Youth On Tech, How To Write Surveys For Young People

August 11, 2019
Matthew Hellon
Research Executive

This article was originally posted on Research World as part of a new series of monthly articles that share the insights from a global survey with over 2,000 youths aged 11-18 years old.

This series will explore:

How youths currently use technology, such as voice and social media. For example, did you know that 47% of youths have more than one social media account on at least one social media platform?

How youths think emerging technologies will impact their education, working life and healthcare.

designing surveys for youths

Youths are a challenging population for research. Panels often don’t have participants aged below 18 years old. There are added complexities around ethics, consent and logistics, such as the child being ready to take the survey when you need them to. Couple this with significant behavioural, attitudinal and educational differences across different ages and things get complicated very quickly.

This article will explore four ways to overcome these challenges, all of which were used in a global survey on technology conducted with over 2,000 youths aged 11-18 years old.

1. collaborate with an expert

Your first point of call when designing surveys for youths should be to seek expert advice. As market researchers, we are often working on multiple projects in different sectors. Consequently, we cannot be experts in every sector we work in. Expert advice, therefore, helps steer questioning towards topics that are pertinent to youths and guarantees the terminology and tone is correct for that specific age group.

For example, when researching youths and technology, we collaborated with Dr Mary Aiken, world renowned cyberpsychologist and author of The Cyber Effect. Dr Aiken ensured our questions and topics were relevant to youths.

2. gaining the trust of parents and youths

Recruiting youths via their parents or guardians is obligatory for under 16 year olds. As such, the consent of the parent must be gained. Parents will only let their children take part in research if they trust the researchers. To gain the parent’s trust, it is important to:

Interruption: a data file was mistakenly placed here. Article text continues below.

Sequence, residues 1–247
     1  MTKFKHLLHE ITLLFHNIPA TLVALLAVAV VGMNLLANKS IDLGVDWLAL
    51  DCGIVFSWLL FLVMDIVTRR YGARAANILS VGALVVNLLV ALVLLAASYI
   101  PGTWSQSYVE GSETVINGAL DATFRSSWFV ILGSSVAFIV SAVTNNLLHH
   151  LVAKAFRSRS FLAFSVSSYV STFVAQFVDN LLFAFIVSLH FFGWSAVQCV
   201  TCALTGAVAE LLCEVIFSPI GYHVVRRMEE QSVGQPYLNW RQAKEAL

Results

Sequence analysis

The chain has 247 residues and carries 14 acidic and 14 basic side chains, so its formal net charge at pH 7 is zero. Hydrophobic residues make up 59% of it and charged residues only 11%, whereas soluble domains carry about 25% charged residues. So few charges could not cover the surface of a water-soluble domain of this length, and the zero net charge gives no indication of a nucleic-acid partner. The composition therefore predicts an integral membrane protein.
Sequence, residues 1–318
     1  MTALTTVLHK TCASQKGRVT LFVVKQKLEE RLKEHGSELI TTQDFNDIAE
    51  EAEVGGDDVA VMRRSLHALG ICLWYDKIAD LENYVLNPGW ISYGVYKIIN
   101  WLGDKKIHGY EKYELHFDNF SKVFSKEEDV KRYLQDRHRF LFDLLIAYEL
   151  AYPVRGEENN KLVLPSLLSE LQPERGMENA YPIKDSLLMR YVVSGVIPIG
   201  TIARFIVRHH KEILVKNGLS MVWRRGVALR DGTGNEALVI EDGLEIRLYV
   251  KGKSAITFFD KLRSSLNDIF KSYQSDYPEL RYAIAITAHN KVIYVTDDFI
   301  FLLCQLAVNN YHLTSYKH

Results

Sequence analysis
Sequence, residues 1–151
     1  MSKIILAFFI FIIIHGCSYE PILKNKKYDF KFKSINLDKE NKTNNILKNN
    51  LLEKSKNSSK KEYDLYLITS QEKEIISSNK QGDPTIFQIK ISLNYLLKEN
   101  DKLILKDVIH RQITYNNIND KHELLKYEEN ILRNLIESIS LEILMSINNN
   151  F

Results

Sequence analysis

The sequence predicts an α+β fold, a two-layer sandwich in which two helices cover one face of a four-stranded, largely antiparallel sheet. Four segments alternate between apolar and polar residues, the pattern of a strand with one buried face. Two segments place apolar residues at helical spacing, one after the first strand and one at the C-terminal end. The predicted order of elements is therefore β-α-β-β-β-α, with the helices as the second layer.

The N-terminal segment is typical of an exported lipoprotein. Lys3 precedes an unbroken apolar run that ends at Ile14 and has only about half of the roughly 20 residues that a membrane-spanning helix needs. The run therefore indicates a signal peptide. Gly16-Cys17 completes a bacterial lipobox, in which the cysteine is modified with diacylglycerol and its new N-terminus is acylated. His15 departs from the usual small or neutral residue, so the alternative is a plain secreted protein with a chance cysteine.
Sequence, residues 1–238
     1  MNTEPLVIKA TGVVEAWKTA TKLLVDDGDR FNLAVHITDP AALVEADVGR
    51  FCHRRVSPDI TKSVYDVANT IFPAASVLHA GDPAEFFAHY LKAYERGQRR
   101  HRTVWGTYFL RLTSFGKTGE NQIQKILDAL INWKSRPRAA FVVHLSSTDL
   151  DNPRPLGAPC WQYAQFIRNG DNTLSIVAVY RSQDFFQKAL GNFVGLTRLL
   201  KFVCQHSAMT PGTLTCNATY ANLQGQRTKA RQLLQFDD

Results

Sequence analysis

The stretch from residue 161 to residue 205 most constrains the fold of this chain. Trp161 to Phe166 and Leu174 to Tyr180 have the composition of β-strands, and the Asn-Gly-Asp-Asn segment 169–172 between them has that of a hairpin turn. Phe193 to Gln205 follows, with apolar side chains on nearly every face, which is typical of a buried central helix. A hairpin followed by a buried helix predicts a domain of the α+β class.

• Reveal your research objectives – something that is not normally done. However, this is important for parents to decide if they would like their child to take part in the research
  • Allow parents to start the survey at a later time or date if their child is not present
  • Emphasise their child can stop taking the survey at any point and their responses are confidential

For youths, when they sit down to answer questions, it is usually a test. They need to be told that there are no right or wrong answers and that their honest opinion is the goal, not what they perceive to be the ‘right’ answer. Moreover, telling youths why they were chosen to take part in the survey ensures they feel their opinion is valued. When tackling sensitive topics, such as parental internet monitoring and multiple social media accounts, promising confidentiality to youths is also essential.

All these steps create trust and cooperation between researchers, parents and youths. This increases youth engagement and response quality.

3. speaking in a relevant tone for youths

Youth’s broad age range means your ability to converse successfully lives and dies by the language of your questioning. If the language is too complex, 11-year-olds will not understand it; too simple and 18-year-olds will ignore it. Survey writing often yields a sterile tone (how many times have you heard someone say “Please indicate” in conversation?) – a tone that can stifle engagement with youths.

Therefore, when conducting research with youths, dismiss survey writing conventions. Instead, focus on the golden rules of copywriting and design: communicate simply and in your audience’s language. This is manifested in the following:

  • Use relevant background images for your survey topic and large buttons – aligning the interface with other platforms used by youths
  • Avoid numeric scales – this removes interpretation and cultural biases
  • Present a balanced perspective (in our case regarding how technology can be used) to avoid biasing an influenceable audience

4. carefully cover complex topics

Talking to youths about complex subject matter can be tricky. Some youths may be very knowledgeable on certain topics whereas others may be completely new to the subject. This is especially true when dealing with broad age groups and topics such as cloud storage and AI doctors.

Through clever question ordering, these challenges can be overcome:

  • Test for awareness first without any prompts – you may be shocked at how much youths know. For example, 74% of youths in our survey knew a little or a lot about Virtual Reality. This allows you to scope the number of youths aware of each concept
  • Then, introduce the concept with a standardised and easy to comprehend description
  • Opinion can then be gained from all participants as they are all aware of the concept in question
  • However, always include ‘Don’t know’ options – this ensures when an answer is given it is the youth’s true opinion and not a guess

Conducting research with youths is hard but not impossible. Hearing from a population often overlooked in market research is both fascinating and surprising. For example, the 11-14 year old’s in our research on technology actually prefer using voice technology to physical inputs, potentially because they have grown up with it just like the 15-18 year old’s have grown up with touchscreens. Check back in to Research World next month when we’ll share more insights on how youths view and use voice technology.

This post was originally published on Research World

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